never put in the post box for the fear of rekindling the hopes of Bill. She did not go to school. As the prom neared Bill's anxiety to meet her grew, he would sprint to the phone everytime it rang, he would check his mail daily, but he would never call. He could not stand to hear that feeble, diseased voice on the other side. The prom neared and he somehow heard Becky was counting her last few days. He knew what he had to do. He used up all his allowance and also borrowed a few dollars from his friends and went to the jewellers. He hired a limousine with the money his father gave him for the prom and drove right up to her house. He knew Becky's parents would never let her go out in the condition she was in so late in the prom night he climbed up to the window of her room with the help of a shaky old ladder and knocked at her window. The expression on Becky's face when she saw her Romeo standing on a ladder outside her window was one for the years. She opened her window and they embraced each other. An embrace that solidified the fact that they were one, two sides of the same coin, inseparable, unbreakable and undying. She knew that this would be the last night she would see Bill and she cried. Bill told her to control herself and asked her to summon all her strength to sneak out of the front door and enter the limo parked a few feet away and that he would meet her there. After all every high school student is promised a prom. She appeared a few minutes later to him, wearing a light pink dress, although she looked weakened by all those doses of chemotherapy her eyes still had that radiant glow and her eyelashes still had that sense of mystery that Bill found very endearing. Bill looked resplendent in his rented tuxedo and as the bright moonlight shone on them, illuminating them as two distinct entities separated only by the infinity of space, time standing still for them. That was followed by a ride to the hillside where Bill parked the car at a point where one could see all the lights of our little town." "I must say monsieur, your story is very very charming. Please go on" "Then I stopped and took her hands in mine and told her. "Have I told you lately that I love you, have I told you there is no one above you." Becky blushed as I told her this. She knew I was waiting for a long time to tell her this. She looked at me with her enchanting dark eyes and said, "No man can ever love a woman more than you do, Bill, and I love you too." As I fumbled searching for something in my coat pockets she looked out deep into the horizon. I took it out, a little red box and opened it, inside a shiny ring with diamond atop it. The ring meant nothing to us, what it symbolised did. "Will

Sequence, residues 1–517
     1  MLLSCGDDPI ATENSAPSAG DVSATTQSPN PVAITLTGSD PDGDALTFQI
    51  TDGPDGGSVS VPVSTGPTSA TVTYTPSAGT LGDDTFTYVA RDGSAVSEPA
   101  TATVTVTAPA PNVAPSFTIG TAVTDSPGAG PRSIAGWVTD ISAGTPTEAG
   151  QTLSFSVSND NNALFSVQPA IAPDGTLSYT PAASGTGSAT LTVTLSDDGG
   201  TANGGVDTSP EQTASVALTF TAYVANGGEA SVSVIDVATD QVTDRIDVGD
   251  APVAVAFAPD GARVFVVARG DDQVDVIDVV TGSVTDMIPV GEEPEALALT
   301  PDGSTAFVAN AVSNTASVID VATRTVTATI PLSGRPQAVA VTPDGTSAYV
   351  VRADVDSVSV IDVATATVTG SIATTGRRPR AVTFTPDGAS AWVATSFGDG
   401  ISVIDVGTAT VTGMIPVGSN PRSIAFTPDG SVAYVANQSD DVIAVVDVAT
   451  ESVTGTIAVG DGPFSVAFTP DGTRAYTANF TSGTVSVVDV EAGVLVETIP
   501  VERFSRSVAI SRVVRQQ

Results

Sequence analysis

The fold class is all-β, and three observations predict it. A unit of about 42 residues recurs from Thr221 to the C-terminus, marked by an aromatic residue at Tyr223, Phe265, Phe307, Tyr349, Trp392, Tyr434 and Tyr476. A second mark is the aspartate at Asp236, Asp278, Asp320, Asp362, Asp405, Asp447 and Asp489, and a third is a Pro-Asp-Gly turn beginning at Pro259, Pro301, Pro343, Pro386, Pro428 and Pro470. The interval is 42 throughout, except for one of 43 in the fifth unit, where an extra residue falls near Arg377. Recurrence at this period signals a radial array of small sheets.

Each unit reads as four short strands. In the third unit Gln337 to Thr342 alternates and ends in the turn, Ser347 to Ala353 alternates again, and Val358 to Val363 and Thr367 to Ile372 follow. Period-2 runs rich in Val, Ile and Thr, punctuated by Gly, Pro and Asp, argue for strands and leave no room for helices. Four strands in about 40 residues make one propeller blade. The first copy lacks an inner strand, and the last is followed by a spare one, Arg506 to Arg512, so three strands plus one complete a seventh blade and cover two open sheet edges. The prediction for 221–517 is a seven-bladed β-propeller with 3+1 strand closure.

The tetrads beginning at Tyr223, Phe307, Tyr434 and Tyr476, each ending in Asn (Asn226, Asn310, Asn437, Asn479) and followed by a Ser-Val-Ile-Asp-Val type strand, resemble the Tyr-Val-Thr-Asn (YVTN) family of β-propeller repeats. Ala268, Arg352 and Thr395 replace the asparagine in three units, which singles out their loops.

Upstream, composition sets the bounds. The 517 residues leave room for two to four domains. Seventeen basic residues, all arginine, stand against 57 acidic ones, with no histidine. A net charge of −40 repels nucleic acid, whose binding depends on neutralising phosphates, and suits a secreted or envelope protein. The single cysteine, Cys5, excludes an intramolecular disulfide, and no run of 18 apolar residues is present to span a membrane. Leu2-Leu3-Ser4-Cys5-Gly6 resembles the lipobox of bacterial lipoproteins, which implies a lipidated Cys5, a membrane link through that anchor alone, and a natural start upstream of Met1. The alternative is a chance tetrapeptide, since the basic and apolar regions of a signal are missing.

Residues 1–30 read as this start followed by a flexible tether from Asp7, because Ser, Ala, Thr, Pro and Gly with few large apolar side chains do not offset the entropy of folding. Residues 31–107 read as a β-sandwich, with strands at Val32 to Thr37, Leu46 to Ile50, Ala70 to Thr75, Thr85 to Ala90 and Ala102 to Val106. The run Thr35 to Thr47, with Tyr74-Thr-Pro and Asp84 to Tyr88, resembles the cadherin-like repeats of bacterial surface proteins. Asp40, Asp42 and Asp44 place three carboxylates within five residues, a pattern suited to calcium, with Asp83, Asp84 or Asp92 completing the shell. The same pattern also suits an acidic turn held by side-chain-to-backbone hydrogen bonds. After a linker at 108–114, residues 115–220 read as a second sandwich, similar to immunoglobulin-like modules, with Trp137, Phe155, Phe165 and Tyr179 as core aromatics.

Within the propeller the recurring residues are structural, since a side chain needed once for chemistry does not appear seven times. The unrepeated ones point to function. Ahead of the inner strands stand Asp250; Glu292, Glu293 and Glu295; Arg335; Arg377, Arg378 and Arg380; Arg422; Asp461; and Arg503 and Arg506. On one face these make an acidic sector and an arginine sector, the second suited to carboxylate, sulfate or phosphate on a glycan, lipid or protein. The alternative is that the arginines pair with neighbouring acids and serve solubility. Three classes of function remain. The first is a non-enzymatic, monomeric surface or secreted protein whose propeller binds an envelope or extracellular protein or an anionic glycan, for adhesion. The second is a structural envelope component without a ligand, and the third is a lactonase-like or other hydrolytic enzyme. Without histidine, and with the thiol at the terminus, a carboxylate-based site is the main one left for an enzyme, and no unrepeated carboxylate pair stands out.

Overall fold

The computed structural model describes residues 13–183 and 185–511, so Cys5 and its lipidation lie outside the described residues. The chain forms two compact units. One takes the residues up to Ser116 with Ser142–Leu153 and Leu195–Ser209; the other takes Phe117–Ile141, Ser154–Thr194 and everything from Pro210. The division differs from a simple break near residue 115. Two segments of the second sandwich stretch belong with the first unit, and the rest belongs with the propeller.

you marry me Becky, I want you to go knowing that for once you truly belonged to me. I want you to go as Mrs.William Thatcher, as Bill's wife." She cried for an hour before she accepted the ring. There it was a little shiny thing on her ring finger, the greatest expression of solidarity ever. We kissed each other in the car an spent the whole night talking about the future. She died as Mrs. Thatcher, I spoke at the funeral as her husband, our families did not know each other but were united in an overwhelming sense of grief, grief I did not see as she died in my arms with an eternal smile on her face. Three weeks later I was sent to Vietnam. Was hurt on my knee by shrapnel from a Vietcong landmine." "Mr. Thatcher wake up. You are not in Paris, you are here in the local sanitarium. Stop playing with your cup and help me rearrange these chairs, Everyday I find you in Paris, hallucinating about your dead wife and people wanting to listen to your absurd tales of Vietnam. You are in a ward, for mental disease, now get up and go clean yourself you have hot coffee all over yourself, you did not feel a thing, man are you crazy. Now go clean yourself while I get something to clean your burns." The nurse was helped by two ward boys to get Bill onto a stretcher and to the first aid room. Bill was of course hallucinating that day as he did everyday of tales of Paris and Vietnam and of true love but then we all knew what he said that day was true. Becky was still there her epitaph, a few miles away from the sanitarium, reading in clear letters cut forever on hard marble,"Becky Thatcher, wife of William Thatcher, died on a summers day, died, alive." True love never fades even if it grows among insanity and disease.